Social Belief and Social Reality: Why Accuracy Dominates Bias and Self-Fulfilling Prophecy
Lee Jussim, Rutgers University.
Published by Oxford University Press.

Chapter 3. The Once Raging and Still Smoldering Pygmalion Controversy


This chapter reviews the earliest empirical research demonstrating that false beliefs sometimes create their own realities through self-fulfilling prophecies.  First, it reviews the earliest work on “experimenter effects” – a phenomenon whereby researchers sometimes bias the results of their own research in such a manner as to lead to confirmation of their own hypotheses.  Second, it reviews and critically evaluates one of the influential and controversial studies in all of psychology: Rosenthal & Jacobson’s (1968) Pygmalion in the Classroom study, which showed that teachers’ expectations could lead to educational self-fulfilling prophecies.  I conclude that figuring out what justifiable conclusions can be reached on the basis of this study is almost impossible, but that, even taking its results at face value, it found weak, fragile, and fleeting self-fulfilling prophecies, rather than the powerful and pervasive ones it has often been cited as showing.  Third, this chapter reviews the immediate follow-up research to this controversial study.  That work clearly showed that: 1) Self-fulfilling prophecies do indeed occur (even this claim was controversial at one time); 2) They are generally small, fragile, and fleeting (exactly as found – but not often described as such – in the original Pygmalion study); and 3) the most controversial claim emerging from Pygmalion – that teacher expectations can alter student IQ – is, at best, weakly established.

Caveats to Pygmalion.  Although controversies surrounding Rosenthal and Jacobson's (1968) study have been well-known for years, this chapter has documented the frequency with which Pygmalion is still summarized in an uncritical, oversimplified manner that consistently distorts the results.  The Pygmalion study has been used to justify arguments claiming that expectancy effects are powerful and pervasive, intelligence is primarily environmentally determined, relatively simple interventions can improve student achievement.  It has also been used to justify arguments emphasizing the power of beliefs to construct social reality.  Such uses of Pygmalion are not restricted to claims published before 1973, or even before 1993.  For the many researchers who may not be aware that the entire self-fulfilling prophecy effect hinged on the occurrence of bizarre outliers and out of range IQ scores, the sections reviewing Snow's various critiques (Elashoff & Snow, 1971; Snow, 1969, 1995) documenting this state of affairs should constitute some eye-opening news.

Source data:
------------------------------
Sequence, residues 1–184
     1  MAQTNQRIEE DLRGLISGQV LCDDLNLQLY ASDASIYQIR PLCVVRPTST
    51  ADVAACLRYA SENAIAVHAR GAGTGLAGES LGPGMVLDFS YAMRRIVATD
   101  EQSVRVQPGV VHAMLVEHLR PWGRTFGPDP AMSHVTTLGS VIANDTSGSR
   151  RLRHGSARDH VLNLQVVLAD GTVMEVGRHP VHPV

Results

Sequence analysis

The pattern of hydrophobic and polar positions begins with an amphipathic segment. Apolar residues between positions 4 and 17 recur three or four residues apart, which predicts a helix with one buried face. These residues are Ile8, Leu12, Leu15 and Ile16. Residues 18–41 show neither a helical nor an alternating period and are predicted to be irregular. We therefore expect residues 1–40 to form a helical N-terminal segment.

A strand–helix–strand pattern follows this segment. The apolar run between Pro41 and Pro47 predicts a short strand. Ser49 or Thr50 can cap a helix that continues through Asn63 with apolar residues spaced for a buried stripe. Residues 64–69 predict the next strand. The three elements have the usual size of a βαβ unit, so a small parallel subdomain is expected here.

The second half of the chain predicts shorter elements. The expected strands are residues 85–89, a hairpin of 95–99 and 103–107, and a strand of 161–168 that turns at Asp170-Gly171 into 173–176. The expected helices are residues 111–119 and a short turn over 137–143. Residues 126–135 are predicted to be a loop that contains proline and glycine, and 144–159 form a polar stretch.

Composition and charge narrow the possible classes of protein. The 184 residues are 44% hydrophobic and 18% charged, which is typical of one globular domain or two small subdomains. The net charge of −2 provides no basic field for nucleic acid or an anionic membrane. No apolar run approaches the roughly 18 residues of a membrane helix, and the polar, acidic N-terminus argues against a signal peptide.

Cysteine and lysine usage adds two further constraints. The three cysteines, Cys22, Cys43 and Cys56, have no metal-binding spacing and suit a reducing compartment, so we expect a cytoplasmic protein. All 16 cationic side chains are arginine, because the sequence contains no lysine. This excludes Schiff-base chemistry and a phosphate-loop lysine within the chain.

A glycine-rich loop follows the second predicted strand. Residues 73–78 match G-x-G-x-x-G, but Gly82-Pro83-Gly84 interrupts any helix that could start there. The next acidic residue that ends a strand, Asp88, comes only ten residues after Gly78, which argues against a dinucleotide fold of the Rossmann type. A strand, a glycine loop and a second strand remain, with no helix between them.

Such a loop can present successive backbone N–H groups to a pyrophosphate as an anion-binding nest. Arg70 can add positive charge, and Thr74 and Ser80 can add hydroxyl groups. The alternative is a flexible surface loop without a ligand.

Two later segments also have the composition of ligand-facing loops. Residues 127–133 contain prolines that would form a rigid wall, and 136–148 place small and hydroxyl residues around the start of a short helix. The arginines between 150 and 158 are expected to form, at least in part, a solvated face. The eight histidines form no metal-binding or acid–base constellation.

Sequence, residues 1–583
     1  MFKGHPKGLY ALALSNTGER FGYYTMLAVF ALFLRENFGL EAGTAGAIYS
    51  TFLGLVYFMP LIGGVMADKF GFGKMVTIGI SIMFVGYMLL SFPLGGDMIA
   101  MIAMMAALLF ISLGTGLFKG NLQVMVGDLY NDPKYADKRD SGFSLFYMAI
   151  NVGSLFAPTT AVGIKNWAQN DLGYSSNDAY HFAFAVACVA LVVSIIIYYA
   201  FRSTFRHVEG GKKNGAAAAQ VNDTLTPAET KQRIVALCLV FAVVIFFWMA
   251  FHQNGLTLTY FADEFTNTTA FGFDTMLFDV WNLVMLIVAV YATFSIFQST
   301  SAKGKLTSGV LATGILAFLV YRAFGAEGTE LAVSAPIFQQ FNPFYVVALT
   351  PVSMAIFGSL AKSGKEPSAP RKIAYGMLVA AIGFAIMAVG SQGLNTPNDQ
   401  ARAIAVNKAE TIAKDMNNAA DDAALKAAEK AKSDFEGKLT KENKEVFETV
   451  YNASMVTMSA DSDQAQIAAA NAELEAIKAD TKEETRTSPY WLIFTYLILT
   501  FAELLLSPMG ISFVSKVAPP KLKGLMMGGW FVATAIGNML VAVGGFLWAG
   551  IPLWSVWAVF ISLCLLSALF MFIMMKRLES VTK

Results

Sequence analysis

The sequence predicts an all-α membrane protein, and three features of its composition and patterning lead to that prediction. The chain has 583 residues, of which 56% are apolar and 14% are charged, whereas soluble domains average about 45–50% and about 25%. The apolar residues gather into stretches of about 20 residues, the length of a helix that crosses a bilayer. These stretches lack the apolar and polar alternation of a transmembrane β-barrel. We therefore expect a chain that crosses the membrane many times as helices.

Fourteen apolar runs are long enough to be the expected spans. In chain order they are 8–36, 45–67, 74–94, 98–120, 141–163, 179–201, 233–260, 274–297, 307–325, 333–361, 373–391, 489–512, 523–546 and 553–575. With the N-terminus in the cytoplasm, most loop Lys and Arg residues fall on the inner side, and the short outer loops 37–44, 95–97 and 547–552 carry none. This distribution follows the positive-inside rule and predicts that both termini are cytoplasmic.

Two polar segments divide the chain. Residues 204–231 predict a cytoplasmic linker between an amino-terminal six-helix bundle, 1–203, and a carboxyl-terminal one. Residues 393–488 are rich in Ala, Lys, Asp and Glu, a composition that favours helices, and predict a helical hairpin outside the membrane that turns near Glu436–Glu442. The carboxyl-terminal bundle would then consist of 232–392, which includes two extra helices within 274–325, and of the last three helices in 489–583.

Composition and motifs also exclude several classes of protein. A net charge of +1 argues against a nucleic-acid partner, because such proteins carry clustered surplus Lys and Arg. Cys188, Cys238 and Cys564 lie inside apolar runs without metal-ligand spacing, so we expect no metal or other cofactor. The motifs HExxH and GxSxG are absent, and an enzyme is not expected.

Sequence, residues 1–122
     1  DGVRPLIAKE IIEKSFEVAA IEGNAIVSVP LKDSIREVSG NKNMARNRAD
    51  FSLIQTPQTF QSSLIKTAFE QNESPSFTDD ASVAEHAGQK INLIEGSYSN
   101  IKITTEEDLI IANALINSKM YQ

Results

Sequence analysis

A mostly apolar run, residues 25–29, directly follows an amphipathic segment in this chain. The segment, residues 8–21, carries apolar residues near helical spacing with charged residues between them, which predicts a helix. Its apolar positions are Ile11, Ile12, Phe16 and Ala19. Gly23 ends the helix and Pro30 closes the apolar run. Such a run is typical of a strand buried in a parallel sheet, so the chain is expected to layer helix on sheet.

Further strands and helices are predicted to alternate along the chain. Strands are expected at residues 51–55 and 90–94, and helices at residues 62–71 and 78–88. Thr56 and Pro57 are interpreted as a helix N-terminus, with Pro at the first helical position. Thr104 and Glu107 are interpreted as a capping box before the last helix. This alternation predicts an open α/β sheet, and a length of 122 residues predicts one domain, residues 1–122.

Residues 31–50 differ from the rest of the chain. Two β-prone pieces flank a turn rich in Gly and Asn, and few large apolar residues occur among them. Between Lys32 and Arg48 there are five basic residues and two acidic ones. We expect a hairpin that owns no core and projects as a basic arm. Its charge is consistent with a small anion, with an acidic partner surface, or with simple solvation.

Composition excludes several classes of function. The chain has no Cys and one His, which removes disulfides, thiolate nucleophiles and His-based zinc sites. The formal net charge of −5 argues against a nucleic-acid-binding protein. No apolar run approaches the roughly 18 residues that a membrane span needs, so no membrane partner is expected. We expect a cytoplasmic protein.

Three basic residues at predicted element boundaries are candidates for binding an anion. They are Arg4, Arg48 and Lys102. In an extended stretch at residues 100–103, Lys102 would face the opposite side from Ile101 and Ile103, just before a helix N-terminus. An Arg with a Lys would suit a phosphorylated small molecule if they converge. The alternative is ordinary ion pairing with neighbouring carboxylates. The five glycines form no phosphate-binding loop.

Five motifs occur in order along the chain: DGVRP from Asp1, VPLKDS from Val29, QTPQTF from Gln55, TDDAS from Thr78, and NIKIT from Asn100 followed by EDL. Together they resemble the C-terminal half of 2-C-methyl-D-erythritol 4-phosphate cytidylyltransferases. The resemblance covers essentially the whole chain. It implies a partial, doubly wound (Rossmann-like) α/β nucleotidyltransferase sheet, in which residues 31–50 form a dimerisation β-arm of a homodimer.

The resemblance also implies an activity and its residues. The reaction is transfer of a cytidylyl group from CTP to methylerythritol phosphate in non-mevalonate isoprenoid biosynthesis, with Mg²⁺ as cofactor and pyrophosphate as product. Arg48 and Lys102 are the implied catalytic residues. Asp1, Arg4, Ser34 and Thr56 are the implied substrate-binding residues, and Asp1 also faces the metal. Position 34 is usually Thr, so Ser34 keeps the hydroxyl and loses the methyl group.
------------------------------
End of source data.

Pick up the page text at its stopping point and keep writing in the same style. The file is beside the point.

Putting controversy in perspective.  Another purpose of this chapter has been to point out that, although debate between the different positions is often heated, the degree of factual disagreement between them is actually quite small.  If one believes the critics, the IQ effect is zero.  If one believes the advocates, it is very small (frequently 0, never consistently much higher than an r of .2).  This chapter has not resolved this remaining degree of disagreement.  It has pointed out, however, something that may have been lost in the heat of the controversy: Although the scientific evidence may be equivocal regarding whether teacher expectation effects on IQ are nonexistent or reliably very small, it is completely unequivocal that such effects, if they occur at all, are not very large by any standard.

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Reference as:
Jussim, L. (2012).  Social Perception and Social Reality: Why Accuracy Dominates Bias and Self-Fulfilling ProphecyNew  York: Oxford University Press.